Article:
So, is the tenure system worth it? I think so, but then again this needs some grains of salt in the pot kettle black because I’m a tenured professor and clearly come from a position of bias. But if I were to do my best to step out of my role and attempt to look at this situation as a disinterested party, I think that the ability for scholars to choose the direction research pursuits without the fear of losing their job is an valuable contribution to academic progress. Some faculty with tenure are willing to take on riskier projects with the prospect that they won’t work out, and that’s important for discovery. Also, other academics working on issues that are important for social change need the latitude to communicate their findings to the public. Think of academics who have spoken out against influential industries such as tobacco, agrochemicals, fossil fuels, and so on. It’s hard enough to speak up against powerful interests, and knowing that you will (or at least, should) not be fired for speaking out against organizations that may be donating lots of money to your university is a very good thing. Moreover, universities are inherently conservative entities and can you imagine institutional change could be even slower if (some) tenured faculty weren’t constantly pushing the envelope? (That said, I realize that most of the envelope-pushing comes from those who are most disenfranchised by the system, though the way the system works, having those tenured faculty working the inside is also a piece of the change, too, though the size of this piece is arguable.) While some tenured faculty use the system to harm others or fall asleep at the wheel, those kinds of things happen even without tenure, so it’s not like abolishing tenure would magically stop the abuses that are happening around us. Anyhow, it’s valuable for us to understand how all different parties in the system are using tenure to further their own interests, so we at least understand these rules when we opt into the game.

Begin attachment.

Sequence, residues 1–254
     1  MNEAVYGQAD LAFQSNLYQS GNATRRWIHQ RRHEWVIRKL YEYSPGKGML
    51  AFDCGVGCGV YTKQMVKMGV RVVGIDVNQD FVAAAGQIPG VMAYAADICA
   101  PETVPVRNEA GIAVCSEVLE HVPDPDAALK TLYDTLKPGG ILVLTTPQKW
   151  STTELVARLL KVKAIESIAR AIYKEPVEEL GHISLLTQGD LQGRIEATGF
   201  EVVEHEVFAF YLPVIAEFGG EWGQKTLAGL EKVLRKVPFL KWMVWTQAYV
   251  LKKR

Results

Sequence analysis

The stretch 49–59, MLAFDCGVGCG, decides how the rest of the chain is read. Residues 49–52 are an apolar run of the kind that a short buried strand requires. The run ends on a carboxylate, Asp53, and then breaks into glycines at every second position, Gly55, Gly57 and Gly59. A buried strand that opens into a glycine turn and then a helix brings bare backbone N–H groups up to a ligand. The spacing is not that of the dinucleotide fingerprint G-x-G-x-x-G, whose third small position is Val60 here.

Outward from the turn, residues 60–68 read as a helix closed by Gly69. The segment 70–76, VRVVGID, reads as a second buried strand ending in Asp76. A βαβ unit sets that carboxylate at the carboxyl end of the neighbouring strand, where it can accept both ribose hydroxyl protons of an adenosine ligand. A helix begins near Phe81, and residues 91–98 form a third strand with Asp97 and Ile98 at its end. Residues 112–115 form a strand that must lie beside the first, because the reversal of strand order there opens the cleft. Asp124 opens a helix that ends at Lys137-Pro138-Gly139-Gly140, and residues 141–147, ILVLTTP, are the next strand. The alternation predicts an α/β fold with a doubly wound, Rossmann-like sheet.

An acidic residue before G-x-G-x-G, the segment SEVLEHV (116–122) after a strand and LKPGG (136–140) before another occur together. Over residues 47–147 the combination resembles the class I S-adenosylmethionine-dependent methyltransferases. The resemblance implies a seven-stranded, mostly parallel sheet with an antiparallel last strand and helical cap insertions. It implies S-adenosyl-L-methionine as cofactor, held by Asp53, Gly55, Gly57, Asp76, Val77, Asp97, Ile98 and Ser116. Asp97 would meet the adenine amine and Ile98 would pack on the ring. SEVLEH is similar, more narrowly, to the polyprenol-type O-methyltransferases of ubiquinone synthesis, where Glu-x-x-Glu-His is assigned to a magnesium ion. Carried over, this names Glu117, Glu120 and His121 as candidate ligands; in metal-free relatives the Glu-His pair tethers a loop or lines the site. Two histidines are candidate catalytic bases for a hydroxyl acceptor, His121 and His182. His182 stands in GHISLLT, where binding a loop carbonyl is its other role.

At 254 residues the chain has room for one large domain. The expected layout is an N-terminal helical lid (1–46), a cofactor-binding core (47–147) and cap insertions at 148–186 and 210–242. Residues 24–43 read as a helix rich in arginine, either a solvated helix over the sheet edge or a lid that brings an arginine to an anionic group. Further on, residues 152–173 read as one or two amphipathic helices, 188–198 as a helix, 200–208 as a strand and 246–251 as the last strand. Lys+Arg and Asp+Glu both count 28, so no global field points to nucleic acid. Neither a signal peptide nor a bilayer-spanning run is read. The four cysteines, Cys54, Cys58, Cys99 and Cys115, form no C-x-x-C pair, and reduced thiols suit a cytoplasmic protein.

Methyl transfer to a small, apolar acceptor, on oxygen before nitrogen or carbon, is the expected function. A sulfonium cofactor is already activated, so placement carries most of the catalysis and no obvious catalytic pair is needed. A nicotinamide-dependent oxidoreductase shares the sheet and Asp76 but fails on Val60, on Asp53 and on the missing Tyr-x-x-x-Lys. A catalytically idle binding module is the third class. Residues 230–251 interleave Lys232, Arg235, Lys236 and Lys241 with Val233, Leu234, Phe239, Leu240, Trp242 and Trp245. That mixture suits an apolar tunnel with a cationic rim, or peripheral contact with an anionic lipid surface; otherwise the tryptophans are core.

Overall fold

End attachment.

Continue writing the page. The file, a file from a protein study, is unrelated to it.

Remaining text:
2 thoughts on “Who uses tenure and how do they use it?

  1. Great post, Terry. In response to your invitation, yes, I can think of another use of tenure – at least one that applies to me. University administrators can rely on tenured faculty to tell us when we’re off track. We have too many built-in advantages for influence otherwise – the access to budgets and staff support, the constant presence on campus, the fluency in policy. Left unchecked those advantages would amount to an inappropriate level of control, to the detriment of our students, their learning, and the degrees we confer. Administrators just don’t have the disciplinary expertise on our own to understand it all, from freshman composition to, say, entomology. But as long as the faculty are tenured, I’m only ever as effective as my ability to persuade. It’s harder for me to push through a bad idea. Even though I have an assistant and go to more meetings.